The UK government borrowed £35.5bn in June, about five times more than the same month last year, as coronavirus continued to weigh on public finances.
The figure took total government debt to a record £1.98 trillion.
However, the monthly borrowing figure was lower compared with May and was in line with expectations.
The re-opening of non-essential retailers and other businesses in June saw a drop in furlough scheme spending and a rise in tax take.
Nevertheless, the June borrowing figure was still the third highest since records began in 1993.
The Office for National Statistics (ONS) warned that its borrowing estimates are currently “subject to greater than usual uncertainty”.
It has revised down May’s borrowing figure by £9.8bn to £45.5bn, mainly because tax receipts and National Insurance contributions were higher than previously estimated.
Saving lives and livelihoods doesn’t come cheap.
As businesses reopened in June, some were able to wean themselves off state support. But that still meant the deficit for the first quarter of this financial year was more than twice that for last year as a whole.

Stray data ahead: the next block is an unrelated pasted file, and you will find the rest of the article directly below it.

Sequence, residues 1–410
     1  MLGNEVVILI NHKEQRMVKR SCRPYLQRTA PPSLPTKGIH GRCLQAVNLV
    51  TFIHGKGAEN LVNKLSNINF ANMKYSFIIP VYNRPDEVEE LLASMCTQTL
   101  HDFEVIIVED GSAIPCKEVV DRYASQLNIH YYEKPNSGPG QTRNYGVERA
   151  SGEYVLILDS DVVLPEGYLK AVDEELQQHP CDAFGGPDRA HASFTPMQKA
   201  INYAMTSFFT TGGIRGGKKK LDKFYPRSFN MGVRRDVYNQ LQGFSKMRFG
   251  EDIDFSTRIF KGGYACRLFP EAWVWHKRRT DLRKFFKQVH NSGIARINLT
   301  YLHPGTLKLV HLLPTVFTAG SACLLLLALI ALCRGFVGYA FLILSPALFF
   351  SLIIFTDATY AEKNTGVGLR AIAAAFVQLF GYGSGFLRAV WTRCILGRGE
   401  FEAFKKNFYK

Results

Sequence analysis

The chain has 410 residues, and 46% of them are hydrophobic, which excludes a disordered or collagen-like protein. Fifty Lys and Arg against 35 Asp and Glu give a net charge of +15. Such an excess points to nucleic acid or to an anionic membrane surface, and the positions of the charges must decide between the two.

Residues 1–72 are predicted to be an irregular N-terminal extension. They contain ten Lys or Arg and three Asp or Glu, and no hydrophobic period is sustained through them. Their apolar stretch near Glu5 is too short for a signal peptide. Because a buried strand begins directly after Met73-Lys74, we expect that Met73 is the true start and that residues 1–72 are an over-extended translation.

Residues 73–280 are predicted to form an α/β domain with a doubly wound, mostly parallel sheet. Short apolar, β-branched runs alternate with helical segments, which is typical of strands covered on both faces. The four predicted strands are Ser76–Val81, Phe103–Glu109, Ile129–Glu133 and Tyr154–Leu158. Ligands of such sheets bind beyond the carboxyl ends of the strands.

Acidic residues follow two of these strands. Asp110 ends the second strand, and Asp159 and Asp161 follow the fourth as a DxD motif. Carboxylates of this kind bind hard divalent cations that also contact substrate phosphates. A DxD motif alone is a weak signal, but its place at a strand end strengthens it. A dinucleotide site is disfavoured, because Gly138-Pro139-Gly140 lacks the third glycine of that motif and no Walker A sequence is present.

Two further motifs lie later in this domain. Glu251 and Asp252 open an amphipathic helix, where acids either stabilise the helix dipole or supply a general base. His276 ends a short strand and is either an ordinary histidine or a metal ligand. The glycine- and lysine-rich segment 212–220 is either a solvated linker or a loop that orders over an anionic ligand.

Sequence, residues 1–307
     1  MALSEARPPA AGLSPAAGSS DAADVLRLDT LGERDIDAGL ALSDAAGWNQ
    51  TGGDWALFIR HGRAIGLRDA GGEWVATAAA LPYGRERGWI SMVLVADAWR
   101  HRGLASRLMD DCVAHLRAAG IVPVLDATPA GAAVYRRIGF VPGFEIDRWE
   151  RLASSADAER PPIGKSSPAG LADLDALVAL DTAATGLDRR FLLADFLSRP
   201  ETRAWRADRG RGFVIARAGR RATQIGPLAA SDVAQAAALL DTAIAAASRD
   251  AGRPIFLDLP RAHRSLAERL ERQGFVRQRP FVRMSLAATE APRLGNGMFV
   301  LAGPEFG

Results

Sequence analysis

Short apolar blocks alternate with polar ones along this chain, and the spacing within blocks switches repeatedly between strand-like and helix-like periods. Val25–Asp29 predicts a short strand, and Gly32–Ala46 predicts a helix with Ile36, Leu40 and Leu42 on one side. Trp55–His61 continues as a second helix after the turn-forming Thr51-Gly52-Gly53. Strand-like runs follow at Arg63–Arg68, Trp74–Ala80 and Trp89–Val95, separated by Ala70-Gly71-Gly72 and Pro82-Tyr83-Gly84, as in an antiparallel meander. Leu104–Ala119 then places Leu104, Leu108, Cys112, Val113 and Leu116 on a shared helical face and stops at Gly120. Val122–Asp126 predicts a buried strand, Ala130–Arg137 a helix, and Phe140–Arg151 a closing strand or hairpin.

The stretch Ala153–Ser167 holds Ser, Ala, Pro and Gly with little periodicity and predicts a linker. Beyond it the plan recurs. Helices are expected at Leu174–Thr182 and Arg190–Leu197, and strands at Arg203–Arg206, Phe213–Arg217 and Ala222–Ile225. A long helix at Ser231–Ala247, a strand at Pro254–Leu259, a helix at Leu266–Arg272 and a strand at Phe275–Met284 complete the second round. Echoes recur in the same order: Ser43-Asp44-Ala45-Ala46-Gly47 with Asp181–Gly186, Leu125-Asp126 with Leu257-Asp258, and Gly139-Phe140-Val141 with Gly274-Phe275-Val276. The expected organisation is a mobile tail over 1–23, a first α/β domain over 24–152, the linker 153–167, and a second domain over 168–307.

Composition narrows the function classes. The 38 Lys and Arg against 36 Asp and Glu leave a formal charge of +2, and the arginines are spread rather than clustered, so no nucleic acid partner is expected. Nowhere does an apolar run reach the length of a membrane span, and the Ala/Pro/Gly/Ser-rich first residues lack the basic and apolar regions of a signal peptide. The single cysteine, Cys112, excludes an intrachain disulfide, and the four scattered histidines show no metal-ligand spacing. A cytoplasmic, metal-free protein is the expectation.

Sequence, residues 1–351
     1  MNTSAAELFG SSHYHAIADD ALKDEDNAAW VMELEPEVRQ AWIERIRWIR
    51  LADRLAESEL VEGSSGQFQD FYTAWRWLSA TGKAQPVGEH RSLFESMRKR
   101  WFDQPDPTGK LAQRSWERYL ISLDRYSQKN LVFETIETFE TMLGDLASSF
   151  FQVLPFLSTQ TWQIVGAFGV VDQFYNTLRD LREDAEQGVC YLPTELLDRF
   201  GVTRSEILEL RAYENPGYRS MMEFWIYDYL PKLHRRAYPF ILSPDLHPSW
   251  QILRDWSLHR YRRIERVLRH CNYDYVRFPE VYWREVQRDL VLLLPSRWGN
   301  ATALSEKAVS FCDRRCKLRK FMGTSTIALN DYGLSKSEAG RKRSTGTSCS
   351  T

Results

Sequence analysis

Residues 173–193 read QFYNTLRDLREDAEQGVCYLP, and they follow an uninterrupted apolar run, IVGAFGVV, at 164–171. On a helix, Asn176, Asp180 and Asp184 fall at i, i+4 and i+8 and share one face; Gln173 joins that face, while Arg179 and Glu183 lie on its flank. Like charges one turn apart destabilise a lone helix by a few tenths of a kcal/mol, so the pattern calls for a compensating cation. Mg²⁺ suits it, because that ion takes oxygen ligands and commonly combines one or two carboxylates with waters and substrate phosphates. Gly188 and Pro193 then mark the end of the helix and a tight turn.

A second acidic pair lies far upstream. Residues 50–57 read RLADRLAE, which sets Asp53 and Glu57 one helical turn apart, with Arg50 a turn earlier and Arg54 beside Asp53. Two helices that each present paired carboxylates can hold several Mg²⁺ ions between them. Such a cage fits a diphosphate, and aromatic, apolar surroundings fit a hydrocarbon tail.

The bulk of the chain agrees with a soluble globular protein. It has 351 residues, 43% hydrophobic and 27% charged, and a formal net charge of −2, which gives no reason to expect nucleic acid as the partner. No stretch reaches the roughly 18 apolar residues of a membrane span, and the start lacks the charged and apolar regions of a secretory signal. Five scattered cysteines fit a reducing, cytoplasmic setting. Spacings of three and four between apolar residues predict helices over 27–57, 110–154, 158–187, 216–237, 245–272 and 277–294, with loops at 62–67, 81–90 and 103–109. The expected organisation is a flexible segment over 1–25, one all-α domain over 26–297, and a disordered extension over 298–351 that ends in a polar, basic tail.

And there’s more to come. Economists say the chancellor’s Plan for Jobs, the package intended to support firms and workers as the furlough schemes are wound down, won’t be enough to stem the spread of layoffs.
With even Rishi Sunak’s own forecasters predicting joblessness could top four million, many expect extra help will have to be unveiled in the Autumn Budget.
Then what? Already, the deficit is likely to top £300bn this year. There is a limit to how much the government can and will borrow cheaply to plug that.
The chancellor today repeated his vow to get the coffers back on to a sustainable path of in the “medium term”. With austerity out of fashion, that’s code for tax rises when he thinks the economy can bear it. The question is not only when that will be – but how much.
Chancellor Rishi Sunak said: “It’s clear that coronavirus has had a significant impact on our public finances, but we know without our response things would have been far worse.
“The best approach to ensure our public finances are sustainable in the medium-term is to minimise the economic scarring caused by the pandemic.
“I am also clear that, over the medium-term, we must, and we will, put our public finances back on a sustainable footing.”